A. Wow – where do we start? How about electronic medical records systems as we think about them today. There has been a lot of press lately about the post-meaningful use EMR, and I think this is just the tip of the iceberg. We are in the midst of a healthcare data revolution. I believe that the shift is going to be away from closed EMRs that are centered around the hospital/clinical system and morph into systems that are centered around the patient. Blue Button is a great example of what’s coming.

I think the post-meaningful use EMR is going to look like a centralized patient hub or “bank,” where providers will input data from any EMR and patients will be able to access and share their data with any providers, regardless of what hospital or network they are with or what EMR the providers are using. The health information exchanges have been a great jumping-off point, but this is just the tip of the iceberg. As consumers become more educated and engaged they will demand their data, and that data liquidity will drive the new “killer” apps that will turn this industry on its head. We will see an evolution of who will fund these EMRs and future apps. I think payers will be the driving force of this change as they see value in the clinical data.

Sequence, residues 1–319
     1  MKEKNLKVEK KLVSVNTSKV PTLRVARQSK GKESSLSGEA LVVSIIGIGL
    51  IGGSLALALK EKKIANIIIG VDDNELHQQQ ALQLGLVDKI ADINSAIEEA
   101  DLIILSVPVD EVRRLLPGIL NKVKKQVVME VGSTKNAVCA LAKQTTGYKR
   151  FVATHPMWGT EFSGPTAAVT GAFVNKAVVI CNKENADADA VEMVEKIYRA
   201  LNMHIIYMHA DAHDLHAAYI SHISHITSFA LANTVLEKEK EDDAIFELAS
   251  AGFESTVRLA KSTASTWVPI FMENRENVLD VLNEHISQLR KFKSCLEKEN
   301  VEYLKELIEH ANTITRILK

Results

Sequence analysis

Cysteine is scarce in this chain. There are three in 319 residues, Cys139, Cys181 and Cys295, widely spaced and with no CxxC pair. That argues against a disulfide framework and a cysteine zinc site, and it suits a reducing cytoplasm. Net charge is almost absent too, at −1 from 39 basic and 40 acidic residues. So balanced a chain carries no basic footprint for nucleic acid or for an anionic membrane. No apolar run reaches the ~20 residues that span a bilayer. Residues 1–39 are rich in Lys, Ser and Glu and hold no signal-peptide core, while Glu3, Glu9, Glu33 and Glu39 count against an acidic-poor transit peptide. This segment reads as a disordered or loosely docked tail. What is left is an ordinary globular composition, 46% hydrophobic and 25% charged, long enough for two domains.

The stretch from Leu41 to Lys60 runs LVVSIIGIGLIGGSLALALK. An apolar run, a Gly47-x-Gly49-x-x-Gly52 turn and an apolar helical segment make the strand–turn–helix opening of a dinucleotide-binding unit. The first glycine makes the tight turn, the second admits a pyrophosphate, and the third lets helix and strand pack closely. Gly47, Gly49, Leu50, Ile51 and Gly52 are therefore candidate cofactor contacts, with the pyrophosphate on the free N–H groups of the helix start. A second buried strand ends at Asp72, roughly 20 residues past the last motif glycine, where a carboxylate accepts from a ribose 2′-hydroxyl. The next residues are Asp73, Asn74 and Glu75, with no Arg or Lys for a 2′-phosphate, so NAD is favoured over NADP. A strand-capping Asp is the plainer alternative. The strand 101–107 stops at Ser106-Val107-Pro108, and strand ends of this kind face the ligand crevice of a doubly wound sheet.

Q. What's the most cutting-edge application you're seeing now? What other innovations might we see in the near future?